As city’s financial woes grow, so does tension between Detroit and Lansing
In two separate exclusive interviews, Michigan Governor Rick Snyder and Detroit Mayor Dave Bing sat down with Michigan Chronicle editor Bankole Thompson to talk about Detroit’s financial crisis and how both men view the proposal to avert a cataclysmic financial problem.
Snyder talked about the creation of a Financial Advisory Board to manage the finances of Detroit. He said if Detroit can’t agree on the Consent Agreement as the city runs out of cash soon, an emergency manager is a very likely option. Bing said a consent agreement must be structured so that Detroiters can keep running their city, and that the restructuring should be a collaborative effort between the city and the state with Detroit maintaining its “core authority.”
Don’t take Detroit’s governing power
MICHIGAN CHRONICLE: Where is the plan to address the financial crisis?
DAVE BING: There is a plan that was delivered to Lansing in October. It’s been sitting there. I haven’t gotten feedback whether or not the plan is going to be accepted or rejected, or whether there needs to be some changes in the plan. We can’t move forward until Lansing comes to the table and say we accept or reject the plan. Or say here are the changes we recommend. Our plan is kind of predicated on the savings we would get from labor. We’ve done all the heavy lifting. And every month we go without action costs us $10 million. So I want the state to move one way or another because we are kind of handcuffed. What I’d like to do we can’t do because the unions are not ready to ratify until they
know what the state is going to do.
MC: Do you support the consent agreement that Gov Snyder said would create a Financial Review Board for Detroit?
DB: We’re not opposed to a consent agreement and will support the process. We’ve been in ongoing discussions with the governor regarding the consent agreement.
MC: The governor said he’s been trying to work for months with your administration but couldn’t get the cooperation he needed. True?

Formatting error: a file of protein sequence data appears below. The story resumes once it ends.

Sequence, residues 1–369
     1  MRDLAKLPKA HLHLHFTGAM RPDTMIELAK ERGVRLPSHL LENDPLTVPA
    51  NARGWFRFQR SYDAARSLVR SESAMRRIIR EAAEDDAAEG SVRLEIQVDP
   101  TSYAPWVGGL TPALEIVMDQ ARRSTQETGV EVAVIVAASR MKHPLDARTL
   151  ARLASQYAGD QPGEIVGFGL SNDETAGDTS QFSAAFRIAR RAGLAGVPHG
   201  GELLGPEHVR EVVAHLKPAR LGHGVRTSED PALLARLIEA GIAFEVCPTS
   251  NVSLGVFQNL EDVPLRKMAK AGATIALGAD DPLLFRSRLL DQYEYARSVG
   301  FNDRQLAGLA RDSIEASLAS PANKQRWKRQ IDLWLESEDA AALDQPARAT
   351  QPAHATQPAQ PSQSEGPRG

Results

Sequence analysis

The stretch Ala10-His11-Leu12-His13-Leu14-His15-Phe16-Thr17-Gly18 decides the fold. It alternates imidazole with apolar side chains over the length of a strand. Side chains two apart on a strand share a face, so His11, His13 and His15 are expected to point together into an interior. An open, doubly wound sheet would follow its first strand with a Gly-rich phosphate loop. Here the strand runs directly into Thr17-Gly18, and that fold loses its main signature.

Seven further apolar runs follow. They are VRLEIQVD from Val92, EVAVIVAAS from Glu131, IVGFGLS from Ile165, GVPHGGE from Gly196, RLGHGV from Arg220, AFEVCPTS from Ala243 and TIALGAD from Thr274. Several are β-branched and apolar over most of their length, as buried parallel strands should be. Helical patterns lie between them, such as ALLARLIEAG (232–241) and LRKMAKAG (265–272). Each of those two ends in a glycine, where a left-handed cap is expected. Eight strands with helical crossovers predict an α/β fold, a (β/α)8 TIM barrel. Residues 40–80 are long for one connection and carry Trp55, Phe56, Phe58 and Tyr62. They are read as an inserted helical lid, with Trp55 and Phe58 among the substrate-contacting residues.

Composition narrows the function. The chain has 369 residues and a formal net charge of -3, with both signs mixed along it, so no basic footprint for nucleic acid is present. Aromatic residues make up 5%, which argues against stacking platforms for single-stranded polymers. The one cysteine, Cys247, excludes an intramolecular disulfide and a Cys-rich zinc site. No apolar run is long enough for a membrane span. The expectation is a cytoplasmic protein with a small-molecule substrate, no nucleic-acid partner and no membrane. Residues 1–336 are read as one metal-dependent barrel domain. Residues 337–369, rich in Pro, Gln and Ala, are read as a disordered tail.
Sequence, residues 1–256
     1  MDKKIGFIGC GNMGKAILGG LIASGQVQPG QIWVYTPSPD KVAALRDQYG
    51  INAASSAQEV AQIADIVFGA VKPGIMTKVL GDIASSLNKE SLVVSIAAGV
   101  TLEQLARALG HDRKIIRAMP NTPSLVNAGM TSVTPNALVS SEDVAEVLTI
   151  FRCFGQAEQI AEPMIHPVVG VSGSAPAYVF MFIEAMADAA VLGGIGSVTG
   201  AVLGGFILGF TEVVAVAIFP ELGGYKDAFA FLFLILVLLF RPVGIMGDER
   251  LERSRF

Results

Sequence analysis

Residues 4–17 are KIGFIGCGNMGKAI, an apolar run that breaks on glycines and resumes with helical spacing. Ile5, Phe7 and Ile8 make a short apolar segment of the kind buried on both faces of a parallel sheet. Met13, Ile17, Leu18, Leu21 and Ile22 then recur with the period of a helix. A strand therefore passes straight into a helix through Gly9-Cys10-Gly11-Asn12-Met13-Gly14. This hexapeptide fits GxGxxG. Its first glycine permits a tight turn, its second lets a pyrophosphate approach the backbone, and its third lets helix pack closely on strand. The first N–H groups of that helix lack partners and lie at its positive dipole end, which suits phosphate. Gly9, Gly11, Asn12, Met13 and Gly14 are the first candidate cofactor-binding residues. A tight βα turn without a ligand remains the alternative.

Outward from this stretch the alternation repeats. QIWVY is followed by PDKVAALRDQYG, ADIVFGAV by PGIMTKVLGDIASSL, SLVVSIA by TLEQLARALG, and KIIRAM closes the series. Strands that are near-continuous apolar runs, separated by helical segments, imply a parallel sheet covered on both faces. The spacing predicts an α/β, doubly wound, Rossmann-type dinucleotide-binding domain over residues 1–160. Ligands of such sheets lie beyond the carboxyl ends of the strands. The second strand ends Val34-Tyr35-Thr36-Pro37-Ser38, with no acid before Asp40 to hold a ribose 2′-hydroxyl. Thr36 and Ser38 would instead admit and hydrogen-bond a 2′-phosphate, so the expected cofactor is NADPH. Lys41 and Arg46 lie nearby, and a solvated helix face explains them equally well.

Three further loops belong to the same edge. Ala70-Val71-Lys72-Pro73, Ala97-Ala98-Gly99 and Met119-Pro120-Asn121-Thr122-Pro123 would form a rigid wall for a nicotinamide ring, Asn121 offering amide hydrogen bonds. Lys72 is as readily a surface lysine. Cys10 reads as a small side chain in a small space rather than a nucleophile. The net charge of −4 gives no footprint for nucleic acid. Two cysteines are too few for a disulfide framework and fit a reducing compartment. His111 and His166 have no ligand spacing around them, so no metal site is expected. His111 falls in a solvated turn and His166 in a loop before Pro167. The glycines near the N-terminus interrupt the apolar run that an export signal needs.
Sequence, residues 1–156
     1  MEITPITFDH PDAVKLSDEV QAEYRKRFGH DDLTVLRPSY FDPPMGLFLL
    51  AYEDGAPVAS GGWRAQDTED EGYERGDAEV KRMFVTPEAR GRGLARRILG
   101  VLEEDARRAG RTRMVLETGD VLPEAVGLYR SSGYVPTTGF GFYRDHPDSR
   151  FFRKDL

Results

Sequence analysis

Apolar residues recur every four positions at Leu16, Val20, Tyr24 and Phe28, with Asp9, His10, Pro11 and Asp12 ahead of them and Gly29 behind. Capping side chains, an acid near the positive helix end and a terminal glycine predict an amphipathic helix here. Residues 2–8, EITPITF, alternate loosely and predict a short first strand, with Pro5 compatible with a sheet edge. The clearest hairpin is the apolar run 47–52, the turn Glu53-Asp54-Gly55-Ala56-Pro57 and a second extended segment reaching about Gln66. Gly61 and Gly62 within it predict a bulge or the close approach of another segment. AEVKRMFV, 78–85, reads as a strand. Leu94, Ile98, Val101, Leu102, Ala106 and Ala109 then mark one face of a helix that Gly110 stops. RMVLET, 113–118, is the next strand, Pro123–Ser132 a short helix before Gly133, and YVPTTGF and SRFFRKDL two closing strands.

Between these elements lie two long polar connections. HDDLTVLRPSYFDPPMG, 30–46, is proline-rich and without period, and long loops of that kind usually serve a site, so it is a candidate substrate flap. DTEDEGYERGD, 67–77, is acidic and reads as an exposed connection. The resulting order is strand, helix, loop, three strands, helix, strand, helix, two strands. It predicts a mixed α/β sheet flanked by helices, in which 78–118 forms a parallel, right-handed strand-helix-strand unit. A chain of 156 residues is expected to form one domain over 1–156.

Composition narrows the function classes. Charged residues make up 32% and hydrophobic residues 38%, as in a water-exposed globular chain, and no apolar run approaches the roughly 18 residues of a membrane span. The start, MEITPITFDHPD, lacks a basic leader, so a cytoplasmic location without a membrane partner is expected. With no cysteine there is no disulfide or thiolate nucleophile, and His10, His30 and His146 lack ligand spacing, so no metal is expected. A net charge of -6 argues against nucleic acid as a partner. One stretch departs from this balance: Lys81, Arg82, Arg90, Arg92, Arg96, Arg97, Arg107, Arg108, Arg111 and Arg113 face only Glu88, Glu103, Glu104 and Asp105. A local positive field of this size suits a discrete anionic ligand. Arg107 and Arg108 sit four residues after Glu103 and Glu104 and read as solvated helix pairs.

DB: That is not true. We have been trying to get definitive answers and tangible support since the financial review process began.
MC: Is making joint appointments with the governor, as well as City Council, under this proposal balanced?
DB: We don’t agree, because under the proposal we received from Gov. Snyder the governor and the state have more votes on the board than representatives from the mayor or the City Council, giving the state ultimate control.
MC: The governor said not ratifying this agreement could trigger an emergency manager. What is your reaction?
DB: The governor has always had the power to appoint an emergency manager. However, we would like to think the terms of a consent agreement can be negotiated to avoid the appointment of an emergency manager.
MC: Some of the council members have criticized you as not going far enough in your agreement to reduce the city’s deficit. What do you have to say?
DB: Then I would like for them to come to the table with recommendations. I think they like to manage from 30,000 feet. I think they have very little detail, they don’t come up with any other recommendations. They wait for us to put all of this stuff together and then try to see how to punch holes in it as opposed to trying to work together. We’ve got a couple of council members, in my opinion, who are just media whores.
MC: Are you suggesting that some members of the council are exploiting this climate for political gain?
MB: Absolutely. I’m very appreciative of those council members who don’t run to the press with everything. You can’t negotiate in the media. So when you try to build trust, that’s been a problem here because as we share information with council members, the next thing we know it’s in the press. Sometimes that hurts us in negotiations.
MC: What about these federal grants that are flying in the face of all these financial issues the city is facing? How can we be sending more back to Washington?